Some of you who read this blog, especially my Friday posts about the writing life, are writers yourselves. You may or may not be published, either through a traditional publishing contract or self-published. But we're all trying to understand the constantly shifting sands on which we stand.

Those of you who are readers might be marginally aware of the changes in the publishing industry, but I didn't understand them until I got in the middle of things myself.

A writer recently made a comment on one of the writing sites I follow that seemed brilliant in its clarity. And now I'd like to expand that concept by pointing out a similarity to a sport with which most of us are familiar--professional baseball.

The comment said that a three book contract, even from one of the "big" publishing houses, didn't represent security. The author's work has to sell. Performance in this industry is measured, not by how the words look on the page, but by the money they bring in. Publishers are in business to make a profit, and if an author's work doesn't contribute to that, the writer is let go. It doesn't matter how much the editors and staff like them, how many awards they've won, their past performance. As in so many other things, only current (and future) results count. If not, the commenter points out, there are lots of other writers out there. The publisher can go after them, and if they don't pan out, the house can sign yet another. And eventually, someone will produce a blockbuster...which is, after all, what the publisher is after.

How different, really, is this from baseball? A team may trade for a pitcher or position player because they show potential. Yet if that potential doesn't develop, if it's not demonstrated in earned run average or batting average, if it doesn't show up in performance, the player is traded or let go and another one signed. No matter how much they're liked by manager and teammates, regardless of their being a favorite of a group of fans, a business decision is made and they're gone.

This may be why more and more authors are going the self-publishing route. True, there's a lot of work involved, but the author is in charge of their own fate. They--to carry the metaphor a step further--own the team on which they play. Win, lose, or draw, the results are up to them.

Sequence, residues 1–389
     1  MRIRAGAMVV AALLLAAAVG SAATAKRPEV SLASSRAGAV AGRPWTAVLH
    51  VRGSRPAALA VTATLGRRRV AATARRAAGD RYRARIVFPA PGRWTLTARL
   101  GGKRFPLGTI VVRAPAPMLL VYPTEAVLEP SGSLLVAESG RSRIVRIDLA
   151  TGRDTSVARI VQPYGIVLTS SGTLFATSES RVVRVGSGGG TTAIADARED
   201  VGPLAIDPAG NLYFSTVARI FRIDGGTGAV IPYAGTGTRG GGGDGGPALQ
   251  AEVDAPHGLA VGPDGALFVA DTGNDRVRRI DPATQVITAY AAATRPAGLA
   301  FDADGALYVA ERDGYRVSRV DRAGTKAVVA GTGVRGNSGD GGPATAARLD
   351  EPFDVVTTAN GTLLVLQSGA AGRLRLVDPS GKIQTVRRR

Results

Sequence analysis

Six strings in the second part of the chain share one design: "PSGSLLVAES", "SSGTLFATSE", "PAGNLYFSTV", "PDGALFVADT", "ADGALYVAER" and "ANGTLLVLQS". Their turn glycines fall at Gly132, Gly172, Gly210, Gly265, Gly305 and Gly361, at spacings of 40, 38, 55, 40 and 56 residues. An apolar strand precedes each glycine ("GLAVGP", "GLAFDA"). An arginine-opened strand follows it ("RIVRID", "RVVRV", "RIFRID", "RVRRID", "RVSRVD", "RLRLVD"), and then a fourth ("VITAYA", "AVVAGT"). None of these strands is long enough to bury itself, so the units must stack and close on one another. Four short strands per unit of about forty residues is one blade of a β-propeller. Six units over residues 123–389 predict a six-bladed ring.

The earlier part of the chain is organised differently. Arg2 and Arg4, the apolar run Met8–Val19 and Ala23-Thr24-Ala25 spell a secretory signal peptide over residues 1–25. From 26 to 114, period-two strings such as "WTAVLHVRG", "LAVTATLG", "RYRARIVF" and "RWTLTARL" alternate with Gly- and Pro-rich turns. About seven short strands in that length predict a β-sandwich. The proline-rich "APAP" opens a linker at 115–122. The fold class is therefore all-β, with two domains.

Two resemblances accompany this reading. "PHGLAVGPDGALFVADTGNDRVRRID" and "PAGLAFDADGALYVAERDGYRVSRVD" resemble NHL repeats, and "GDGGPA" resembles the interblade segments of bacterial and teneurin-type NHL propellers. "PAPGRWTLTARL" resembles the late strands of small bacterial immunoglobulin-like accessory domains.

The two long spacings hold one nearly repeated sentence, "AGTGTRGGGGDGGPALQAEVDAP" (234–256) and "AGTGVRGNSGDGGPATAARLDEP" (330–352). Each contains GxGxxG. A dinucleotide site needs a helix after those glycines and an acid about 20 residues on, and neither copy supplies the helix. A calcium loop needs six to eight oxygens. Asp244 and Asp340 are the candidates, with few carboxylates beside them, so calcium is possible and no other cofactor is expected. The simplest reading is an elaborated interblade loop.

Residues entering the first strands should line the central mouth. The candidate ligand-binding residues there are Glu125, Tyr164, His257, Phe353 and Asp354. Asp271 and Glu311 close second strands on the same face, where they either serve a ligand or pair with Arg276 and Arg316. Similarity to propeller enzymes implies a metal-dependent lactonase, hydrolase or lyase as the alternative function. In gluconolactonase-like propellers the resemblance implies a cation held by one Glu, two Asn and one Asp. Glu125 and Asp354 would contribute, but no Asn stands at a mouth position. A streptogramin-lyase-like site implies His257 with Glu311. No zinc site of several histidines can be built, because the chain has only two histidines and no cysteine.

What do you think? Writers, have you considered self-publishing? Readers, does the name on the spine of the book make a difference to you? Or is it what's inside that counts? I'd like to hear.

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NOTE: Thanks to LitFuse and Abingdon Press, there's a new giveaway of five copies of my latest novel,  Miracle Drug. Click here for the link, and good luck.

Tuesday, October 13, 2015

Public Persona Of Athletes

We've lived in North Texas for a number of years, yet have never taken a tour of JerryWorld...I mean, AT&T Stadium in Arlington. We prefer to sit at home, watch the games on TV, and armchair-quarterback what "our" football team does. But that doesn't stop me from being a fan...or from being ashamed of some of the actions of the players.

I'm writing this right after the Cowboys' loss to the New England Patriots, led by Tom Brady. The Cowboys deserved to lose--that's not the point. But it made me wonder if a person's athletic abilities should somehow excuse his off-the-field behavior. Recently we've had the "Deflategate" investigation of Brady and the Patriots for the lowering of pressure in certain footballs during a playoff game last year. Then there's the undisputed fact that Brady had a three-year relationship with actress Bridget Moynhan, fathering a son with her while they were "dating," before he married his current wife.